Another six people have tested positive for coronavirus after 2928 tests, the Health Ministry said on Wednesday, bringing the total to 958. Commenting on Twitter, Health Minister Constantinos Ioannou who had earlier today announced cabinet’s decision to move on with phase 3 of the easing of the restrictions, said they were a reminder that the effort must continue, both on an individual and collective level.
The Council of Ministers decided on Wednesday to launch the third phase of a plan to ease restrictions in Cyprus, imposed due to COVID-19, starting essentially on June 9. This phase will last until June 24, and not July 14 as per the original plan, Health Minister Constantinos Ioannou said after the Cabinet meeting. Speaking at the Presidential Palace, Ioannou said that the Cabinet decision to ease restrictions further is taking into account the country’s very good epidemiological condition and the suggestions submitted by the group of experts, during a meeting with the President of Cyprus on Tuesday. According to Wednesday’s decisions, swimming pools will open for the public already on June 5. Starting on June 9, Cyprus is reopening malls, airports, ports facilitating cruise ships, the interior areas of restaurants and hotels, theaters and open-air cinemas. Sport championships are also resuming, without the presence of spectators. At the same time kindergartens and nurseries, along with children’s clubs, outdoor playgrounds, all-day summer and public schools are also opening their doors. On June 13, casinos are permitted to reopen, along with dance schools, boxing/ kickboxing schools, gyms, theme parks, waterparks and amusement parks. The Minister of Health said that no decisions were taken regarding the fourth phase, apart from a decision to open theaters and indoor cinemas at the beginning of August. Festivals, concerts, wedding receptions and christenings, as well as graduation ceremonies, will be postponed until September 1, the Minister added. Ioannou also said that gatherings of over 10 people continue to be prohibited, at least until June 24. Asked about the resumption of flights, the Minister said that they revaluated the decision to permit flights from two groups of countries, without however differentiating the existing arrangement. In reply to a relevant question, Ioannou said that the Cabinet did not discuss the reopening of crossing points. The Cabinet will reevaluate all decisions and is pressing on with the gradual lifting of restrictions, in order to be able to take all necessary measures if necessary, the Minister concluded.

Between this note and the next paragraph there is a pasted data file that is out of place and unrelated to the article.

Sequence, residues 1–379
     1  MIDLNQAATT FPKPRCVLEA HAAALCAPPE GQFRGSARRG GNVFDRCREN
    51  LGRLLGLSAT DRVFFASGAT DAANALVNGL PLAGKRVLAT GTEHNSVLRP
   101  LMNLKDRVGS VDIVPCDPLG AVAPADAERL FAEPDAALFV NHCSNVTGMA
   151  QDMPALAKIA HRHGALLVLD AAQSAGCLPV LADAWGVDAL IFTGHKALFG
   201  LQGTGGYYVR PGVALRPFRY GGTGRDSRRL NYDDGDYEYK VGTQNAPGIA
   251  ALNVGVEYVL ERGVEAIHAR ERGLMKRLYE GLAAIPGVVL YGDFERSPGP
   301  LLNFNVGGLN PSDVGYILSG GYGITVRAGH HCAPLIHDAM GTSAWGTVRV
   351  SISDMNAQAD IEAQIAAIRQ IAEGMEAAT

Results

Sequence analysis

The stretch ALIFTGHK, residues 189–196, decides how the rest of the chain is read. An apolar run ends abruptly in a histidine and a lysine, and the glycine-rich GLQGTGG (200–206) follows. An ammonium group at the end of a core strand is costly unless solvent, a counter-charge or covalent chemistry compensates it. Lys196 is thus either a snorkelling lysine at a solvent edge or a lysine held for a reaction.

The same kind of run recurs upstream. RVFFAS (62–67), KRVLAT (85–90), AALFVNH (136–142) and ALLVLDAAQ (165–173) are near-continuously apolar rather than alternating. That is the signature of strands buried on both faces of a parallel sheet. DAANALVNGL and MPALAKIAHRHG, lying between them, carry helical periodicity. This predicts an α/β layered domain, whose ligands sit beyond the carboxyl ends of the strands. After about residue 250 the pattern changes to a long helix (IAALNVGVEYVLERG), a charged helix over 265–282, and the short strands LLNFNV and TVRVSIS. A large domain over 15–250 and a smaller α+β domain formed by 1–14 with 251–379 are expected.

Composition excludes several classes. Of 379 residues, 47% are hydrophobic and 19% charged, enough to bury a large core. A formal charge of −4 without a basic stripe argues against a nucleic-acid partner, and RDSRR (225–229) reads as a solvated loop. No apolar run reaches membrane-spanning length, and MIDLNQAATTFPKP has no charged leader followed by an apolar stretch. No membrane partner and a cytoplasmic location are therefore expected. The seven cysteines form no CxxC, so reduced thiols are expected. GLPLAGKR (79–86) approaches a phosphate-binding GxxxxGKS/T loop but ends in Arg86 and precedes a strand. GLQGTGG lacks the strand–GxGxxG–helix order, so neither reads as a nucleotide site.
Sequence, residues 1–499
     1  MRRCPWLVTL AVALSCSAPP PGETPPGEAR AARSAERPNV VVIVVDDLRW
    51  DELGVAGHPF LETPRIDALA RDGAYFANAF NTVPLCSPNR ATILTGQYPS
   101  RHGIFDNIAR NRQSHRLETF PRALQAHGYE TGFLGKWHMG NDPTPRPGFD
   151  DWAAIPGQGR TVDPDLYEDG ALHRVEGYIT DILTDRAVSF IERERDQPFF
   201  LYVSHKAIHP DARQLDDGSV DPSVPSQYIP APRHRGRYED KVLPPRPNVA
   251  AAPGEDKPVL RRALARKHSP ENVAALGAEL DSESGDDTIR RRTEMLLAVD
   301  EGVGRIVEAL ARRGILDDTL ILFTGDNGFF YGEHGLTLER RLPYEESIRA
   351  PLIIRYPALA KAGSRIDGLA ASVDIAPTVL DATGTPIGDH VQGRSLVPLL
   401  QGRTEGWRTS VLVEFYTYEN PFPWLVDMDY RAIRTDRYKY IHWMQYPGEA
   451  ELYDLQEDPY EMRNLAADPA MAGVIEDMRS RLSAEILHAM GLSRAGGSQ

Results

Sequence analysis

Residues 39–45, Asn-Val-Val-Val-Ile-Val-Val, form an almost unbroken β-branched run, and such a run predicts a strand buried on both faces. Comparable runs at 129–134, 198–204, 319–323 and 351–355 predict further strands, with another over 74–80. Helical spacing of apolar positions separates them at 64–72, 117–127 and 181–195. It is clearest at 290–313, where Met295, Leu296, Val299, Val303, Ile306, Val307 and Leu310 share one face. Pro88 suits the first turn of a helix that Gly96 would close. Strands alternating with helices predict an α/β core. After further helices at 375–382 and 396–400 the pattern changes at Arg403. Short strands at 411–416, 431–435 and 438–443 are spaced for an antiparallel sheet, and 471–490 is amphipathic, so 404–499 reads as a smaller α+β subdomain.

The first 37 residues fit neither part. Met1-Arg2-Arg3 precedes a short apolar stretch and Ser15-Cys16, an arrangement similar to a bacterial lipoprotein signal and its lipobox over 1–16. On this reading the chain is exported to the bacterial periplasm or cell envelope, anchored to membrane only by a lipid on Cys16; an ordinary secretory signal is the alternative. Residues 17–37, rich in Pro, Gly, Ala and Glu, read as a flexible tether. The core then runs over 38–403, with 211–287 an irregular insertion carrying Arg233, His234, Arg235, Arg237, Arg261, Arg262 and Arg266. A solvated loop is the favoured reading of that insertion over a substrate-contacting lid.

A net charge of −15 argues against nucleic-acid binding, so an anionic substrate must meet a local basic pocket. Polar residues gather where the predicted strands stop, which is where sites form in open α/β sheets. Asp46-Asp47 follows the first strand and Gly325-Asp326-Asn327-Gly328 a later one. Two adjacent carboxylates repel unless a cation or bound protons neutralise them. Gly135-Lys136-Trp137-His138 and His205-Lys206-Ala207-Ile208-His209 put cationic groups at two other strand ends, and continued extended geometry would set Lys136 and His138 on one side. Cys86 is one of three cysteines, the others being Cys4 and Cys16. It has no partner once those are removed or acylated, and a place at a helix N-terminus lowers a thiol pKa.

Cyprus General Government debt spiked to €24.56 billion according to official data in April, reflecting the large debt issuances by the Finance Ministry to mitigate the impact of the coronavirus outbreak to the economy. Cyprus’ debt amounted to 113% of GDP at the end of April from 95.5% at the end of 2019. The Finance Ministry entered in 2020 with an EMTN issuance of €1.75 billion in a bit to repay the remainder of an IMF loan secured during the 2013 financial crisis and to boost its cash reserves. The Finance Ministry’s initial estimates said that as part of the strong growth rates coupled with strict public financial management, the debt would decline to 91% in end-2020. However, the declining trajectory came to an abrupt halt due to the crisis of the Covid-19 outbreak and a two-month lockdown, prompting the government to launch two fiscal packages to support the economy and preserve jobs. The Finance Ministry issued bonds amounting to €3 billion in early April, a double EMTN trade amounting to €1.725 million and a domestic bond amounting to €1.250 to further boost its cash reserves, as state income took a significant hit due to lockdown measures. Furthermore, the Finance Ministry aims to cover both its fiscal and financing needs for 2020, as the Ministry forecasts a deficit of over €1 billion by end-2020. Moreover, the cash reserves aim to cover Cyprus’ financing needs for the next nine months on a rolling basis, according to the Public Debt Management Office strategy. According to the Finance Ministry’s projections, as stipulated in the Stability Programme submitted to the European Commission, GDP will decline by 7% in 2020 due to the Covid-19 crisis and public debt is expected to culminate to 117% of GDP by end-2020. However, the upward trend is estimated to be contained in 2020, as growth will rebound the next year with 6% growth which is estimated to push public debt down to 103% in 2021.
Greece and Cyprus will be among the chief travel destinations for Germany’s TUI travel group which launches its programme for 2020 on June 17. Speaking to Business Insider after Germany said today it was lifting its travel warning from June 15, TUI Deutschland CEO Marek Andryszak said that the Balearic islands, the Canary Islands, Greece, Portugal and Cyprus will be the group’s main markets in 2020, while there will also be holiday packages for Croatia and Bulgaria. “The government has decided to lift its travel warning for the EU and four more countries in Europe. It is an important step for tour operators so that they can present their holiday packages,” he said.